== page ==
These days we have a lot of choices in how we sleep in the wild. Among them are the more traditional style tents (though they now come in countless design variations), lightweight backpacking tarps, camping hammocks and for some minimalists, the old school, military style bivy bags. A few other options have popped up now also, including car-top platform tents and strange little cot-tent contraptions. All have their pros and cons and loyal devotees.
A quality grade, modern tent is hard to beat. For backpacking you can now carry a relatively roomy, two-person model that comes in at under three pounds. And for car camping there are big cabin style tents for six to eight people, which used to weigh twenty pounds, but are less than ten now. One reason is that tent fabrics are lighter and stronger than ever. The same goes for the poles, which are typically manufactured from super-light, aircraft-grade aluminum instead of the heavier old fiberglass.
A tent is more like a house. Trekking (or driving or paddling) into the wilderness and searching for a suitable site for a temporary home is pretty gratifying. We often choose a spot that affords a good view of the natural world we go there to experience. But there are a few practical considerations as well, like how the site drains in a downpour, if it's fairly level and whether it is located under trees or branches that could fall in heavy wind. A tent, depending on its size, gives us a place to hang out with company if the weather turns bad, and of course, it's the best option for privacy.
Tarps are now quite popular forms of shelter. They are dead simple, can be configured in a dozen or more ways, using little more than some cordage or rope, and provide maximum space and ventilation. Tarps come in countless sizes, including ones for up to ten or so people, which makes them ideal as a kind of camp community shelter. A number of my family members and I have been truck camping in a certain remote area of the Cherokee National Forest for many years. Tarps are strung from the trees over truck beds, above the kitchen area and over the area where cards are played well into the night. It looks a little like a refugee camp for three or four days, but it's a tradition that has been followed every Labor Day weekend — without missing — since before I was born. (Don't ask).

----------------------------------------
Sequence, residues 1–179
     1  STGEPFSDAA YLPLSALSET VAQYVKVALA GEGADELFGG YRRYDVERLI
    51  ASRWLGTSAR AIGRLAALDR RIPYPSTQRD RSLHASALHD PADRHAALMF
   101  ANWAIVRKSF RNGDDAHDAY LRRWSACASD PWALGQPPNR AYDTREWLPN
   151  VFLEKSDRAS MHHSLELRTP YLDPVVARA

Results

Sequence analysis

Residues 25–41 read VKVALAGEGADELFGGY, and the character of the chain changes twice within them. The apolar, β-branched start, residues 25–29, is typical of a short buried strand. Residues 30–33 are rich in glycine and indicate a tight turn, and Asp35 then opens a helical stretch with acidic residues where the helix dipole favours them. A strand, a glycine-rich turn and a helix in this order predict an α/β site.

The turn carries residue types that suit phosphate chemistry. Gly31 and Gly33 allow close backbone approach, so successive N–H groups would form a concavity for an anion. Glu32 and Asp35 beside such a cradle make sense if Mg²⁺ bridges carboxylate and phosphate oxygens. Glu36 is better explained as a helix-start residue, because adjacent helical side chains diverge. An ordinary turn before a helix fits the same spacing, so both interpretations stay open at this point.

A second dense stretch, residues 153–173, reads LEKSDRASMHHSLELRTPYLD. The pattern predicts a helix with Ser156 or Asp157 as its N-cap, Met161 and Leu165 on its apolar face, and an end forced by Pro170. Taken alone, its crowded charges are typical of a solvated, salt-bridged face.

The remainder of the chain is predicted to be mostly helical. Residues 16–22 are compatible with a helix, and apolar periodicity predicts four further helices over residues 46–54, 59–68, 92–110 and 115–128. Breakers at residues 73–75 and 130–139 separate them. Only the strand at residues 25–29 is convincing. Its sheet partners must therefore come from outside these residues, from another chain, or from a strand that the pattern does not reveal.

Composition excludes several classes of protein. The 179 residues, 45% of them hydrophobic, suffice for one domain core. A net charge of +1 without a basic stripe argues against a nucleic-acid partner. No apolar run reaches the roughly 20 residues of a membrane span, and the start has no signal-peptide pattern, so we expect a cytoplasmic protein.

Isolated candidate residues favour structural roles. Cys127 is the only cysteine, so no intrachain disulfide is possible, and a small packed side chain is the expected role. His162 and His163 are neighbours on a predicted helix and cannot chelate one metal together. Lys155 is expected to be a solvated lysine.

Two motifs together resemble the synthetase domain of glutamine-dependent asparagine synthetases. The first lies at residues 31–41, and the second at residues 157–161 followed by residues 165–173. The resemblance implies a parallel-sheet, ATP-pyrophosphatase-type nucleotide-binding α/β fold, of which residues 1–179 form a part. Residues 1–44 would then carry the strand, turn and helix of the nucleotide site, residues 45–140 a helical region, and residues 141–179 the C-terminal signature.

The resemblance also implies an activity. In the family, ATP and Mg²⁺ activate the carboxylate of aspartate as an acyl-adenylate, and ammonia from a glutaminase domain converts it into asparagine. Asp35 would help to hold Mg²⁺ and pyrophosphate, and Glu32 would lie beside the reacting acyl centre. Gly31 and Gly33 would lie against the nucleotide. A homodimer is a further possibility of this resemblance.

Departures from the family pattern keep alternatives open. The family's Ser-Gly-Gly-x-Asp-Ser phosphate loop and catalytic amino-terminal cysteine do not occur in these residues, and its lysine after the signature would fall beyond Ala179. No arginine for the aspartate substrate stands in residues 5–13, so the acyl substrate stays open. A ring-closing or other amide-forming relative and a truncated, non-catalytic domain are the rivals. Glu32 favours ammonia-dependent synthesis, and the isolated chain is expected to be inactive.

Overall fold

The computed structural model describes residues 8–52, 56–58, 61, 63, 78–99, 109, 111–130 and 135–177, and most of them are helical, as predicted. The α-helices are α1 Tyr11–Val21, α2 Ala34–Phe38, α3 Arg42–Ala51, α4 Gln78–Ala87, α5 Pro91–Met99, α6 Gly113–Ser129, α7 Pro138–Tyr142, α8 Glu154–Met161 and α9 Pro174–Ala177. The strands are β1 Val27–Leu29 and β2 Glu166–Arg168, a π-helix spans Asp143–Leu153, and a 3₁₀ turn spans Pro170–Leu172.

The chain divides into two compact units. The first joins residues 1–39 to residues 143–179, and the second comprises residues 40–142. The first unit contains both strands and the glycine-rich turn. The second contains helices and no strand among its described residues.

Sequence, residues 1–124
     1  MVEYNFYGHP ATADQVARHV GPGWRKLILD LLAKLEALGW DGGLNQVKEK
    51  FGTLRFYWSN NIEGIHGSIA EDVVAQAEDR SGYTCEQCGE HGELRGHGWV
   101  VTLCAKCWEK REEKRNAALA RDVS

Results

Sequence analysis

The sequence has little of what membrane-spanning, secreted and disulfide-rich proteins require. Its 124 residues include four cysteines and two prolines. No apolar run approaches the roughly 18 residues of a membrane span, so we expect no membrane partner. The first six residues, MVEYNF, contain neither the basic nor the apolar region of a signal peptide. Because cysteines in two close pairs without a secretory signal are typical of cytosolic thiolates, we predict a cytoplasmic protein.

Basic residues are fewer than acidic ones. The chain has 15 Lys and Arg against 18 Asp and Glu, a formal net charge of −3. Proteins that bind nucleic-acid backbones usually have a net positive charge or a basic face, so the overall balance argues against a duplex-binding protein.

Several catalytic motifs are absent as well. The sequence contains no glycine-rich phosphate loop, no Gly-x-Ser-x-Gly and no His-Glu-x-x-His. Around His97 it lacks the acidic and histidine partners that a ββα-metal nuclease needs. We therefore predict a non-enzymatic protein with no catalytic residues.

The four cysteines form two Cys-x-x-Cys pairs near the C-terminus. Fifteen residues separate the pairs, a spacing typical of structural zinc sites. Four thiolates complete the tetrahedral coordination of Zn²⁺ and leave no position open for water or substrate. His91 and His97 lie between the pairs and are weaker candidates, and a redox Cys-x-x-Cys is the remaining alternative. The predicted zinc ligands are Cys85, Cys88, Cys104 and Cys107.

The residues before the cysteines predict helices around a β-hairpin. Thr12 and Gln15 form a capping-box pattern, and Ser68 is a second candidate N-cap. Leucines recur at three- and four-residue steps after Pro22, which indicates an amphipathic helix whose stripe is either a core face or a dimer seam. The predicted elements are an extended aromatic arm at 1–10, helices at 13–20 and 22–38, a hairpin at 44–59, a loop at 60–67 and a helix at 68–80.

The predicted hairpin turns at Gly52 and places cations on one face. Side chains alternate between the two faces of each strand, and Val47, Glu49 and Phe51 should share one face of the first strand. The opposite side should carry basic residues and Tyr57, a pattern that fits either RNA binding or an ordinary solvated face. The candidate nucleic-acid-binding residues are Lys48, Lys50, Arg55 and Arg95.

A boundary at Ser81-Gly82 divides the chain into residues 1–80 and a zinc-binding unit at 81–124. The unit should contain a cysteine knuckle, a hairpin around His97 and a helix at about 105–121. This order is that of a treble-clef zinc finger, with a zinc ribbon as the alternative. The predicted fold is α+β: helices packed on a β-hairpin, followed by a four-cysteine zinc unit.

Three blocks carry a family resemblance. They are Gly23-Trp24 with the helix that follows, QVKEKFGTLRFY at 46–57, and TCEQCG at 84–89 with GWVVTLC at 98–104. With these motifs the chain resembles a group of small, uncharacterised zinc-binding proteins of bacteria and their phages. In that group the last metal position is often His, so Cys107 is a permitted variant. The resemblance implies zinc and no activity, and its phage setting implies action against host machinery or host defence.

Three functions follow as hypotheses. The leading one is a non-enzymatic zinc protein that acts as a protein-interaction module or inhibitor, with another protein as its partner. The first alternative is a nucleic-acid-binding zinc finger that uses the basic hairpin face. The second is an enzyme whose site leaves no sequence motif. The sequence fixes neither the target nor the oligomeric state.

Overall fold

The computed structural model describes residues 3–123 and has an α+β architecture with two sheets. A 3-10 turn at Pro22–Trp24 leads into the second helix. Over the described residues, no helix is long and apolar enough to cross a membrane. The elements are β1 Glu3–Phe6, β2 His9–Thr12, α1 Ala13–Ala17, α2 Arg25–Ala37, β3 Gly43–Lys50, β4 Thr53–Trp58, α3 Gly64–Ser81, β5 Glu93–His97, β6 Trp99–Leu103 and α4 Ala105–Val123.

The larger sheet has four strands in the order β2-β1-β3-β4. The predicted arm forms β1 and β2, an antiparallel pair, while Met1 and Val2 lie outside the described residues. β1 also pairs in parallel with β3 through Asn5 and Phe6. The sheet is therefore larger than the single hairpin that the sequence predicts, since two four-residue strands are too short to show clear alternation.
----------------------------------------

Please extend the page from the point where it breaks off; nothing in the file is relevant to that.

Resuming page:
Hammocks have been popular for many years as a means of relaxing outdoors. Lightweight, parachute nylon models are among the best selling products nowadays for almost any outdoor retailer. But only in the last decade or so have hammocks carved a niche in the backcountry camp shelter category. I have personally been backpacking with a hammock now for more than a dozen years.
The advantages of camping in a hammock are several: they're very light, with some dedicated backpacking models weighing less than two pounds, including the bug netting and rain fly. They are really compact, taking up less space than most tents in your backpack. And maybe best of all, they don't require a flat, debris-free spot for set-up. A couple of trees around twelve to fifteen feet apart are all you need — even if they're on the side of a steep ridge or hill. Of course hammocks aren't very good for two campers, are hard to change clothes or sit up in and are not as warm or weather resistant as a tent.
Whatever your specific shelter type, an overnight backcountry refuge swaps the creature comforts of a downtown condo or suburban split-level for a healthy dose of fresh air, great views in natural surroundings and a little reminder of where and how we once lived. Sometimes, breaking out of our crazy, high tech existence for a night or two in the wild is just exactly what we need.
David A. Ramsey is a regionally and nationally recognized outdoor photographer and writer from Unicoi, TN. His recently released book, Rocky Fork: Hidden Jewel of the Blue Ridge Wild, is available at Mahoney's in Johnson City and online at www.ramseyphotos.com